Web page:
DOCKET NO. 2017-112

It appearing that the following heir of EDWIN B. WESTON, as listed in an Application for Informal Probate of Will and Appointment of Personal Representative is of unknown address as listed below:

Douglas Eugene Weston

THEREFORE, notice is hereby given as heirs of the above named estate, pursuant to Maine Rules of Probate Procedure Rule 4(d) (1) (a), and Rule 4 (e) a.

This notice shall be published once a week for two successive weeks in The Town Line, with the first publication date to be June 15, 2017.

Names and address of Personal Representative: Thomas B. Weston, 380 Weston Avenue, Madison, Me 04950

Dated: June 15, 2017
/s/ Victoria M. Hatch
Register of Probate

I’m Just Curious: Just a thought

by Debbie Walker

# When I made my usual trip into Walmart I noticed people at the self-serve registers. I am disappointed when I see people checking themselves through. To me those self-serve registers are one step closer to a cashier losing a job. Not many stores even have people working enough hours for benefits anymore. I don’t want to be part of the demise of another job if I can help it.

# I am not a very political person. I get disgusted with the process and the arguments (oops, I mean discussions). I am sick to death of hearing about what Russia did or didn’t. Which political figure talked to whom?

# I really wish we didn’t have political parties. Watching from the sidelines it seems there is an awful lot of wasted time and effort for the three-plus parties to argue over any subject out there. It doesn’t matter how important the issue, what one wants the other will fight it. What a waste.

# Even the reporters are lame as far as I’m concerned. These people are very much opinionated about the winner or the loser. I want to know if they are really trying to play up their own “no favorites” but are showing they are clearly judgmental. Do they really believe people don’t hear their tone of voice or see their body language?

# Another disgusting matter is the deer ticks. I understand this is basically a man-made mess. More and more people are becoming sick with Lyme disease. My mom always told us kids if you make the mess get back in there and clean it up! So… to whoever is responsible: Clean it up!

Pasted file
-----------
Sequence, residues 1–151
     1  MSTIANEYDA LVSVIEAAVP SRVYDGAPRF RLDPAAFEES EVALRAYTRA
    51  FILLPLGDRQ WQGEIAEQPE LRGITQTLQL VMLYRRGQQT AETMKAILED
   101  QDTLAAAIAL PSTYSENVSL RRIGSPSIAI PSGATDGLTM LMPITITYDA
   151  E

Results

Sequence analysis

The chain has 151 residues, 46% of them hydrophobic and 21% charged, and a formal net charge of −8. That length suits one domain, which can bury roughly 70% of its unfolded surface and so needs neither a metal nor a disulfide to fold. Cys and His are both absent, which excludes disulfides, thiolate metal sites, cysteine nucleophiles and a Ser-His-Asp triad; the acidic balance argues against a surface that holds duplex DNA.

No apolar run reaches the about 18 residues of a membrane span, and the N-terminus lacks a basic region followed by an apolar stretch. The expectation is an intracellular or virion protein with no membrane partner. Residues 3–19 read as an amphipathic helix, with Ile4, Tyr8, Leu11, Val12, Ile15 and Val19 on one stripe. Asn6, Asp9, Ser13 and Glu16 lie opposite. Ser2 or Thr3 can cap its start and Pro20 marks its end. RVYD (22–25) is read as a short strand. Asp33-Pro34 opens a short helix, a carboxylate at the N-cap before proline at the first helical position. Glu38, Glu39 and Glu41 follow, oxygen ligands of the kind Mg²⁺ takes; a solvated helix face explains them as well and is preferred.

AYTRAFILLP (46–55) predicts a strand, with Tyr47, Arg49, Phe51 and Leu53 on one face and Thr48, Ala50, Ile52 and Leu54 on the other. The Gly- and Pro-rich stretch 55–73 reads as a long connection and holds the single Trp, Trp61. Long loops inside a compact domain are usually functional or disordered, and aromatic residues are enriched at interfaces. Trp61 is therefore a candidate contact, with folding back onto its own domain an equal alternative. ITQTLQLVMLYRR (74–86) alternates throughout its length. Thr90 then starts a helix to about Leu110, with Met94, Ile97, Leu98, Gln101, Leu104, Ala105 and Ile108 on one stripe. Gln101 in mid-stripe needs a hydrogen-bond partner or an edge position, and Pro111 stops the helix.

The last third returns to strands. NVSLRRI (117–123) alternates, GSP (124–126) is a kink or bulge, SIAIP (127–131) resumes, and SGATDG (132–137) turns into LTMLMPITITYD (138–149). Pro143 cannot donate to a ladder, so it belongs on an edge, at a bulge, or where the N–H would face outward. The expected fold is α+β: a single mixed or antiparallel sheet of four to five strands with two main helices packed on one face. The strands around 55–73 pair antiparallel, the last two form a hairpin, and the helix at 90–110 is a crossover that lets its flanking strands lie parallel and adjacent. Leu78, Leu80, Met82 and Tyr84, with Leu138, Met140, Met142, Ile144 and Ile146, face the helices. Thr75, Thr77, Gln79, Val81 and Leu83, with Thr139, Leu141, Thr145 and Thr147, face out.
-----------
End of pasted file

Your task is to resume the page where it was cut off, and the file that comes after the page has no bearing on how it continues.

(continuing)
# Oh yeah, then we have all the mess about insurances. How about if we get everyone on the same insurance as the senators and congressmen? Either that or put them on the insurance we have or don’t have, whichever the case. Oh yeah, and they need to pay for their own. (And stop taking their families on a government business (their vacation) trip. We know who’s paying what!

Okay, you know this is not a reflection on the newspaper; these are my thoughts, such as they are. I really don’t ever intend to offend anyone, I’m sorry if I have.

AND, don’t forget we have the column on the website for The Town Line and you can look up a past printings as well. I really enjoy Roland’s Scores and Outdoors. I love the stuff about our little critters!!

So… I’m Just Curious about soooo many things. How about you? Let’s keep our childlike curiosity! It’s fun!! Contact me at dwdaffy@yahoo.com sub: Curious

Watch for “In Case You Wondered.” It’ll come out soon!

REVIEW POTPOURRI, Week of June 22, 2017


by Peter Cates

Bach Suites 2 and 3

Fritz Rieger conducting the Munich Philharmonic- Mercury MG10068, vinyl lp, from 1940’s German radio broadcast tapes.

Fritz Rieger

These two Orchestral Suites of J.S. Bach constitute some of the most joyous, very melodic and quite listenable music, both for newcomers to classical music and experienced connoisseurs who already find them infinitely re-listenable. The Second is scored mainly for strings and solo flute and has been recorded by such gifted tootlers as James Galway and Jean Pierre Rampal. The Third is a festive affair evoking the spirit of a holiday in which the entire orchestra, particularly the brass and percussion, display their wares. However, a special quieter movement is the soothing and delectable Air for the G String.

Fritz Rieger (1910-1978) was conductor of the Munich Philharmonic for over 25 years, beginning in 1941, before he took a position with the down under Melbourne Symphony in the land of duck-billed platypuses and Aborigines. (For those readers who are wondering about Munich, 1941, yes he was a member of the Nazi Party. But there is documentation that he kept his own hands clean and was de-Nazified quickly.)

The performances are very graceful and grandiose, truly living breathing renditions of an exceptional quality while the mono sound is vivid for its day, as German radio had magnetic tape several years before we did !

I have collected other recordings of Rieger and enjoy them a lot – the complete Mozart Magic Flute, Brahms 1st Concerto with pianist Witold Malcuzynski and the Robert Schumann A Minor Concerto with Rudolf Serkin. YouTube has several Rieger items, some of which I have posted recently, including an early ‘70s video of the Maestro rehearsing a Bach Concerto for 4 Pianos with three other now deceased conductors, Rafael Kubelik, Rudolf Kempe and Wolfgang Savallisch.